The archaeologist stood up and spread his hands in a gesture of bewilderment. "I can’t even offer a guess. We shall have to learn somewhat more about the motivation behind the attack before we can make comparisons on the basis of cyclic history. For example, if the purpose was to seize the ship, then to assail us as they did was a mistake. If the intent was merely to scare us, the attack was a howl­ing success."
There was a flurry of laughter as Korita sat down. But Grosvenor noticed that the expression on Captain Leeth’s face remained solemn and thoughtful.
"As to motivation," the captain said slowly, "one unpleasant pos­sibility has occurred to me that we should be prepared to face. It fits the evidence to date. It is this: Supposing this potent intelligence, or whatever it is, would like to know where we came from?"
He paused, and from the way feet shifted and men stirred in their seats, it was clear that his words had struck a responsive chord. The officer went on. "Let’s look at it from—his—point of view. Here is a ship approaching. In the general direction from which it is coming, within ten million light-years, are a considerable number of galaxies, star clusters, and nebulae. Which is us?"
There was silence in the room. The commander turned to Kent. "Director, if it’s all right with you, I suggest we proceed to examine some of the planetary systems of this galaxy."
Kent said, "I have no objection. But now, unless someone else .. Grosvenor raised his hand.
Kent continued, "I declare the meeting—"
Grosvenor stood up, and said loudly, "Mr. Kent!"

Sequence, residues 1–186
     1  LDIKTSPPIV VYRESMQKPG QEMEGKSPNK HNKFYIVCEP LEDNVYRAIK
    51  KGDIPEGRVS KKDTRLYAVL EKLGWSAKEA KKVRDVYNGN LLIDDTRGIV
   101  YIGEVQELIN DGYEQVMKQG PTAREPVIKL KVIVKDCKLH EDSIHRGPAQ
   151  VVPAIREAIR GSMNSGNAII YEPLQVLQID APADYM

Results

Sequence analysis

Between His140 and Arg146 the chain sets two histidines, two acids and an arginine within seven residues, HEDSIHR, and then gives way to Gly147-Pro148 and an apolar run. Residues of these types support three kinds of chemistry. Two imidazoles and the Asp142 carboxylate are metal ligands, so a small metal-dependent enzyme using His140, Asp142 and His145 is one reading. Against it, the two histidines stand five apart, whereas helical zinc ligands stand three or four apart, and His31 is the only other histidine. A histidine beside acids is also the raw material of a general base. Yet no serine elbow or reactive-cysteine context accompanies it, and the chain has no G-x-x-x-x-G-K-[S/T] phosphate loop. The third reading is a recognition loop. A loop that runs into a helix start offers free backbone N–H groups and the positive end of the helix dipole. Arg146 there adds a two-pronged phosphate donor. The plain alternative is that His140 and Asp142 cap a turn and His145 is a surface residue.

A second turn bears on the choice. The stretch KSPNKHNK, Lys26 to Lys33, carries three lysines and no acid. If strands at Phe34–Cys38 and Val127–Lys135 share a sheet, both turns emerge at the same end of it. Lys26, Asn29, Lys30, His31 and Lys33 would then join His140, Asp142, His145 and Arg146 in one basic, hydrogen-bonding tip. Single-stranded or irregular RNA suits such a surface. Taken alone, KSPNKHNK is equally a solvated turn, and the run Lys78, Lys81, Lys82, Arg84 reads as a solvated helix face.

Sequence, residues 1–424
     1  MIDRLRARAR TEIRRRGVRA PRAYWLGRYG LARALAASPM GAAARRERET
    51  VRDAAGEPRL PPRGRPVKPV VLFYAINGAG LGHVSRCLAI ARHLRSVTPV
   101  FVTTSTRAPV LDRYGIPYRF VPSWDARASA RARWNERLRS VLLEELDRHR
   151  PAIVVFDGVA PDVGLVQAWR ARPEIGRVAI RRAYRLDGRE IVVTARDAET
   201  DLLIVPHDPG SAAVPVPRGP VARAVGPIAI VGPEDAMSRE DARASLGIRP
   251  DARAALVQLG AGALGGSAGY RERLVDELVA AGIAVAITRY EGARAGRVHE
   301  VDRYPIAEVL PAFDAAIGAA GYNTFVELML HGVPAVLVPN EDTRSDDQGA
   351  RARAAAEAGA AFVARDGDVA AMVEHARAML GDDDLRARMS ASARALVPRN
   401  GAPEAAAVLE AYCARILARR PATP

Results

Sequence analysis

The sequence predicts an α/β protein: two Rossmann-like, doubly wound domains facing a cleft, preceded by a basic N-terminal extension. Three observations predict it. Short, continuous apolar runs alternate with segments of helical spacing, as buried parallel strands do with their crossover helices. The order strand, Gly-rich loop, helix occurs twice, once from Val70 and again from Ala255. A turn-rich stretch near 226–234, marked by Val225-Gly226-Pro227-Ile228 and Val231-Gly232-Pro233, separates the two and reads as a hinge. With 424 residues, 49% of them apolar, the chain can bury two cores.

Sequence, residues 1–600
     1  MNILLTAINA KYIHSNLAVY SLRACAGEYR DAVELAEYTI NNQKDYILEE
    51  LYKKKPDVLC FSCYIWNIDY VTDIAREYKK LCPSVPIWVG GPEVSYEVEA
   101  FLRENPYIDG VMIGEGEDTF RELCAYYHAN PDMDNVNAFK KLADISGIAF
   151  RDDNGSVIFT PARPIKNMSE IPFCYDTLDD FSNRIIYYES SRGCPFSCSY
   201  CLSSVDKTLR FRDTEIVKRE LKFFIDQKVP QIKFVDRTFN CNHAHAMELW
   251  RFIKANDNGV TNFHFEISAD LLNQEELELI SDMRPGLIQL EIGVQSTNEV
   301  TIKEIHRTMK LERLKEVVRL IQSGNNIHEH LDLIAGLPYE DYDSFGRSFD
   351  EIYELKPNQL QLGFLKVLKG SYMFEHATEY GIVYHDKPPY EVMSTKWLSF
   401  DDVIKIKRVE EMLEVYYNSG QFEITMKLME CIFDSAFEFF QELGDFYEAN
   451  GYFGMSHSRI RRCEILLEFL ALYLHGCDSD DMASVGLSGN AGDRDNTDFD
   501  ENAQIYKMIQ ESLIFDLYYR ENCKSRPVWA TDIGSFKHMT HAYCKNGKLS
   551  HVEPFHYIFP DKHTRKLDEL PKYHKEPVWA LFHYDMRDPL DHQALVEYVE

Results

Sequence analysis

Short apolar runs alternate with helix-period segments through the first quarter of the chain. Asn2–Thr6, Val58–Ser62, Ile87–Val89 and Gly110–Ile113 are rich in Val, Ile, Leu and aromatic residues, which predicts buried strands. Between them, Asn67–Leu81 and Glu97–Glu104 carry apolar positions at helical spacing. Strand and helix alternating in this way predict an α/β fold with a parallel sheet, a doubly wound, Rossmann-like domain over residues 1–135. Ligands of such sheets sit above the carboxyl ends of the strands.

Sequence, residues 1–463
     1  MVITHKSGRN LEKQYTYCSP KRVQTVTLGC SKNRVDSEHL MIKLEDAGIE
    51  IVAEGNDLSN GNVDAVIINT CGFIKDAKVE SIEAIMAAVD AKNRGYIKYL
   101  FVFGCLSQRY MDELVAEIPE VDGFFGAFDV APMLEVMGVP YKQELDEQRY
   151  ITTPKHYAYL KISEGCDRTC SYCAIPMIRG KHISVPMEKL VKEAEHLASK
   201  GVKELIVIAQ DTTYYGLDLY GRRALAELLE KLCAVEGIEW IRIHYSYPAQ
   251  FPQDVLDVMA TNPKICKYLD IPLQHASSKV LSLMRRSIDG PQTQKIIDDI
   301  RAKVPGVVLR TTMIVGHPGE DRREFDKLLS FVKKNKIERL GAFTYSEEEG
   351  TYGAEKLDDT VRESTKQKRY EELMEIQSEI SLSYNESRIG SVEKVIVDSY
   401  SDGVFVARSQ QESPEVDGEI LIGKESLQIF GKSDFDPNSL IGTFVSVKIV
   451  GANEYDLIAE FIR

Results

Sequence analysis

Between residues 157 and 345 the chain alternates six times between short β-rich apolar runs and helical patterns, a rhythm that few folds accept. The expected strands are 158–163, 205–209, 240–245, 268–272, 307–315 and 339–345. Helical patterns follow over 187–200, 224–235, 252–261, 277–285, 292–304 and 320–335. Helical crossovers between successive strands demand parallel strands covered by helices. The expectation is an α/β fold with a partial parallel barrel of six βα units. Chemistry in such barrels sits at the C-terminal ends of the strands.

"—adjourned!" said Kent.
The men remained sitting. Kent hesitated, and then said lamely, "I beg your pardon, Mr. Grosvenor, you have the floor."
Grosvenor said firmly, "It is hard to believe that this being will be capable of refined interpretation of our symbols, but I think we should destroy our star maps."
"I was about to suggest the same thing," said von Grossen ex­citedly. "Continue, Grosvenor."
There was a chorus of approval. Grosvenor went on. "We are tak­ing action in the belief that our main screen can protect us. Actually, we have no choice but to carry on as if that were true. But when we finally land, we might be advised to have available some large encephalo-adjusters. We could use them to create confusing brain waves, and so prevent any further mind reading."
Once more, the audience made enough noise to show that they favored the suggestion.
Kent said in a flat voice, "Anything else, Mr. Grosvenor?"
"A general comment only," said Grosvenor. "The department heads might make a survey of materiel they control with a view to destroying any that might endanger our race if the Beagle were captured."
He sat down amid a chilling silence.

As time went on, it seemed clear that the inimical intelligence was deliberately refraining from further action, or else that the screen was doing an effective job. No further incident occurred.
Lonely and remote were the suns at this distant rim of the galaxy. The first sun grew big out of space, a ball of light and heat that burned furiously into the great night. Lester and his staff located five planets close enough to the parent body to be worth investigating. One of the five—all were visited—was habitable, a world of mists and jungles and giant beasts. The ship left it after flying low over an in­land sea and across a great continent of marsh growth. There was no evidence of civilization of any kind, much less the stupendous one whose existence they had reason to suspect.
The Space Beagle sped three hundred light-years, and came to a small sun with two planets crowding up close to its cherry-red warmth. One of the two planets was habitable, and it also was a world of mists and jungles and saurian-like beasts. They left it, un­explored, after darting down low over a marshy sea and a land choked with riotous growth.
There were more stars now. They pinpointed the blackness of the next hundred and fifty light-years. A large blue-white sun, with a retinue of at least twenty planets, attracted Kent’s eye; and the swift ship flashed towards it. The seven planets nearest the sun were burning hells, without hope of supporting life. The ship spiraled past three close-together planets that were habitable, and then sped off to interstellar vastness without investigating the others.